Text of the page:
Mitral regurgitation (MR)
1. Description of the problem
After aortic stenosis, mitral incompetence is the second most frequent valvular disease in hospitalized patients.
Options for medical treatment of chronic MR remain limited. Valve repair, in the hands of an experienced surgeon, is preferred over valve replacement when the time comes for surgery.
Characterized by a holosystolic murmur, heard loudest at the apex and radiating to the axilla. The murmur is loudest in expiration.
There may be evidence of cardiac decompensation, with an S3, bibasal rales on auscultation of the lungs, a raised JVP, hepatomegaly and lower limb edema. Lateral displacement of the apex beat occurs in LV dilatation. There may be signs of pulmonary hypertension, such as a loud P2. Atrial fibrillation is not uncommon as the left atrium becomes dilated and scarred in chronic MR
In acute MR, patients can present in cardiogenic shock and pulmonary edema. The murmur tends to be more early systolic and softer in intensity. In anterior chordal rupture the murmur may radiate to the base of the heart and the back, rather than the axilla. The left atrial ‘v’ wave is markedly elevated.
Key management points
Acute MR should be dealt with as an emergency (see below). For chronic MR the cause of the valvular dysfunction should be clarified. LV dysfunction and dilatation is a common cause of MR, and use of ACE inhibitors and beta-blockers in this setting can reduce the severity of the MR. Bi-ventricular pacing has also been shown to improve functional MR secondary to LV dysfunction. Diuretics and nitrates are used for symptoms of pulmonary congestion. Close outpatient clinical and echocardiographic monitoring is required to assess progression of valve dysfunction, particularly with respect to timing for surgical intervention.
2. Emergency Management
Acute severe MR leads to reduced forward output and pulmonary congestion. This state is usually poorly sustained and therefore urgent surgical referral is warranted. In normotensive patients nitroprusside is used to increase forward output and reduces pulmonary congestion.
Dobutamine or other intotropes can be used along with nitroprusside if the patient is hypotensive. Insertion of an intra-aortic balloon pump (IABP) improves mean arterial pressure and decreases MR and can be used as a bridge to definitive surgical intervention.
In cases where bacterial endocarditis is suspected, multiple (4-6) blood culture samples should be reserved. Following consultation with local microbiology services, antibiotic therapy should be initiated as early as possible.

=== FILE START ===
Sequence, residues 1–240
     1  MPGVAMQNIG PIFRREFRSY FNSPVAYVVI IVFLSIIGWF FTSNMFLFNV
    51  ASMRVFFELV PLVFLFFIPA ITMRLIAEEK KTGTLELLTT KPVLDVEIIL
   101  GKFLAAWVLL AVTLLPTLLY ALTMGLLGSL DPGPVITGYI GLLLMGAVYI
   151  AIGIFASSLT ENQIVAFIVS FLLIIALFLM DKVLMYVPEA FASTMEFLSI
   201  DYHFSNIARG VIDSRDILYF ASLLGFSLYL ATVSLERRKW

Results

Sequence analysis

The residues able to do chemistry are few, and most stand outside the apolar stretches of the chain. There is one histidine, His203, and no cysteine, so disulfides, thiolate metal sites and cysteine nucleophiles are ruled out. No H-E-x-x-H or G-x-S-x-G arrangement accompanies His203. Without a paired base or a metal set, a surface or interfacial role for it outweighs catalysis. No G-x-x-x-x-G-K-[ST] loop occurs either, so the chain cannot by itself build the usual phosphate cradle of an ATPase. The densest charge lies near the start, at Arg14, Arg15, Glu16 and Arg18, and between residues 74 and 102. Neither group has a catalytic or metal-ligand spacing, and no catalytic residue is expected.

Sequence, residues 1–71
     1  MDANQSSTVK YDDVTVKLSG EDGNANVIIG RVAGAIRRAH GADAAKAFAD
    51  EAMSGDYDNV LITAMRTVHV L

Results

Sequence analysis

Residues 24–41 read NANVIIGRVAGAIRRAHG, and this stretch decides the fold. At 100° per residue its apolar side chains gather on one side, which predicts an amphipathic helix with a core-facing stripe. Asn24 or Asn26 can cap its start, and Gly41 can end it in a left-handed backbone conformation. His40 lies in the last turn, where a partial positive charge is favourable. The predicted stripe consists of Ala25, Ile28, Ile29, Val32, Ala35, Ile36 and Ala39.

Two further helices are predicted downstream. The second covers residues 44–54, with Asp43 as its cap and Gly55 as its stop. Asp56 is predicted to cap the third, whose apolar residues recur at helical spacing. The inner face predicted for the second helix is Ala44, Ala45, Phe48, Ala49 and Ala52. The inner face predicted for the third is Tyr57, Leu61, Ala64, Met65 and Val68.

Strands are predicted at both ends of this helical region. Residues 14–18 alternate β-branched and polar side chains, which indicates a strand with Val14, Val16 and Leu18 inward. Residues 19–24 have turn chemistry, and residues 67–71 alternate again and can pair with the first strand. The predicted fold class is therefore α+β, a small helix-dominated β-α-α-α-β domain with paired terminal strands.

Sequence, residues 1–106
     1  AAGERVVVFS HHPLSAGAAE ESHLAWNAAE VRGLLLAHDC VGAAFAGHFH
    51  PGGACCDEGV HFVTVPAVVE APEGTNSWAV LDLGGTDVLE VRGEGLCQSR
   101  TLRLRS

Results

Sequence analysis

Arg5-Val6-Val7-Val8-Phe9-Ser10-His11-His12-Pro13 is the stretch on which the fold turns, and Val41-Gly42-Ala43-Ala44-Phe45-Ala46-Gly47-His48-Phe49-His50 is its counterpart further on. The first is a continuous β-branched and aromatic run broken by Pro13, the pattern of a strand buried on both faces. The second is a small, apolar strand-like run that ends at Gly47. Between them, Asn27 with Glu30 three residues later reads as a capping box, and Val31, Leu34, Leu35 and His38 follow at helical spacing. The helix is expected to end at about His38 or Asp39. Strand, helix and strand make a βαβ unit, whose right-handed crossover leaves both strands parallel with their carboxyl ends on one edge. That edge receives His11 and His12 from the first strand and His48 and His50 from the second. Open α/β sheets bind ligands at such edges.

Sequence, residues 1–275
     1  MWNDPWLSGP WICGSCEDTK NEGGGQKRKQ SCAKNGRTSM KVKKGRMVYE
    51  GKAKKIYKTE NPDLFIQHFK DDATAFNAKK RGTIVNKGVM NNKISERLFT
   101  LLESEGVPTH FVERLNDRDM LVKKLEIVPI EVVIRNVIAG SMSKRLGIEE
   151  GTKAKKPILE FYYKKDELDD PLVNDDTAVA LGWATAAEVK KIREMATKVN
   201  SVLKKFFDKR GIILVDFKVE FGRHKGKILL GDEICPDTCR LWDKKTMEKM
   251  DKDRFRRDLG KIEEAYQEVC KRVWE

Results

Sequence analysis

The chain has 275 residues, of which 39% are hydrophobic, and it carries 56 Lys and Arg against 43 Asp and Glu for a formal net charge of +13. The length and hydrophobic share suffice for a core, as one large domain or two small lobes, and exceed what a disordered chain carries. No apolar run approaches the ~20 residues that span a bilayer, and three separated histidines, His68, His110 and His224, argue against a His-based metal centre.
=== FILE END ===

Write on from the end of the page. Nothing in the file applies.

Most commonly diagnosed following auscultation of the characteristic holosystolic murmur on clinical examination.
Following clinical examination, transthoracic echocardiography (TTE) is used to confirm the diagnosis and quantify the severity of the MR. The severity of the MR can be assessed using a number of different techniques, including visualization of the color flow jet, measurement of the narrowest portion of the proximal regurgitant jet (vena contracta), the proximal isovelocity surface area (PISA) and the regurgitant orifice area (ROA). With severe MR flow reversal in the pulmonary veins will be seen. TTE will also enable clarification of LV dimensions and systolic function, as well as estimations of pulmonary pressures. The TTE should also provide the anatomic cause for the MR. If that is not feasible, due to poor images, etc., you should proceed to transesphogeal echocardiography (TEE).
Differential Diagnosis for Holosystolic Murmur of MR
Aortic Stenosis – The classic early-systolic murmur in AS can extend later into systole in severe AS. It may also be loudest at the apex (the Gallavardin phenomenon).
Tricuspid Regurgitation – TR is also pansystolic, but is loudest at the lower left sternal edge. It also increases in inspiration.
Ventricular Septal Defects – The holosystolic VSD murmur is also loudest at the lower left sternal edge.
A ruptured sinus of Valsalva aneurysm or patent ductus arteriosus – These rarities can be confused with MR, but their murmurs tend to be continuous and extend into diastole.
In any situation where there is doubt as to the cause of the auscultated murmur, TTE will clarify the diagnosis.